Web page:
You’re a take-charge personality who enjoys solving problems decisively. That serves you well most of the time.
When you mediate conflict among employees, however, your eagerness to act can work against you. People engaged in heated arguments are often unwilling to comply with even the most reasonable solutions from a well-meaning supervisor.
Rather than make suggestions, dig for information. Adopt the role of friendly inquisitor. Find out what drives an employee’s frustrations and the outcome each combatant wants.
Some people will invite your suggestions. They’ll defend their actions and then ask, “Well, what do you think? What would you do?”
Don’t fall into the trap of answering. Instead, keep the focus on them: their fears, goals and concerns.
The danger of offering suggestions is that you wind up assuming responsibility for a dispute that doesn’t—and shouldn’t—involve you. It may seem sensible to advise a staffer to “try changing your work routine to stay out of Jim’s way” or “try explaining your position more clearly.” But once you dish out advice, many employees will turn their ire toward you.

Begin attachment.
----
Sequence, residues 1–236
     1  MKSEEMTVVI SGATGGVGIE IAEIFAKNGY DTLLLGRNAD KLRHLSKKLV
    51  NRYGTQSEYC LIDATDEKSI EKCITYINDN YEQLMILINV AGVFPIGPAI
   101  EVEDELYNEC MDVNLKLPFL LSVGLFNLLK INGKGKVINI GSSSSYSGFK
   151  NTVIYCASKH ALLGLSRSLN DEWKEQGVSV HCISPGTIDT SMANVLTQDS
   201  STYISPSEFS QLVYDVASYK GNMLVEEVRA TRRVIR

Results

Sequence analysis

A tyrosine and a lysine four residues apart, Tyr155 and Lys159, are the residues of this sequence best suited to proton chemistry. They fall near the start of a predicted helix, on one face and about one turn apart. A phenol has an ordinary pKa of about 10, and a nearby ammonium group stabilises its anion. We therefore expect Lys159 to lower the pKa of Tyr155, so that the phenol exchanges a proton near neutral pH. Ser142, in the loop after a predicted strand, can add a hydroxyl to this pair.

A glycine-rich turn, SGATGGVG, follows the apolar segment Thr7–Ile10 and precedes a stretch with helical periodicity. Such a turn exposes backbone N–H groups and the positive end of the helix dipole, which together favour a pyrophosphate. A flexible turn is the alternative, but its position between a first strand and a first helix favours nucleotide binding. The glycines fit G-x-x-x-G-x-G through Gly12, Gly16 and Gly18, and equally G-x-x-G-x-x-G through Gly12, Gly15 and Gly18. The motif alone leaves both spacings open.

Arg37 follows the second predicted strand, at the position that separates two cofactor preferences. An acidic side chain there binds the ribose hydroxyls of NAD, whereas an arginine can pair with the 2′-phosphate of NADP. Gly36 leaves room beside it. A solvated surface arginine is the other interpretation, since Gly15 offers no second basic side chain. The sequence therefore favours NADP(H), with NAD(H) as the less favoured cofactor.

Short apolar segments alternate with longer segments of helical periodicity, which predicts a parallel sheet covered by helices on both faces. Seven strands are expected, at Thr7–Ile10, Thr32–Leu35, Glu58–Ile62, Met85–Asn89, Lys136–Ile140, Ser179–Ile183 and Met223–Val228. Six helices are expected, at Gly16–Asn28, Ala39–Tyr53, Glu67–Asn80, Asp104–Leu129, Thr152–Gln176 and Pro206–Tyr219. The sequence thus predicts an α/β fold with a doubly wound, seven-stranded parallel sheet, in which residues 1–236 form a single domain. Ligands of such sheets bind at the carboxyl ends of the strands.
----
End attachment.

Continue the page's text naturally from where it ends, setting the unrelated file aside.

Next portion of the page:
“I tried that,” they may say in an aggrieved tone. “Haven’t you heard a word I’ve said?”
Suddenly, the dynamic of the conversation changes for the worse. You’re butting heads with someone rather than helping calm a rattled disputant.
When you’ve exhausted your questions, stop and say, “Let’s figure out how to resolve this.” Then stop.
By pausing, you give your employee a chance to propose solutions or at least reveal underlying concerns that relate to the conflict. That’s when you uncover the most valuable information.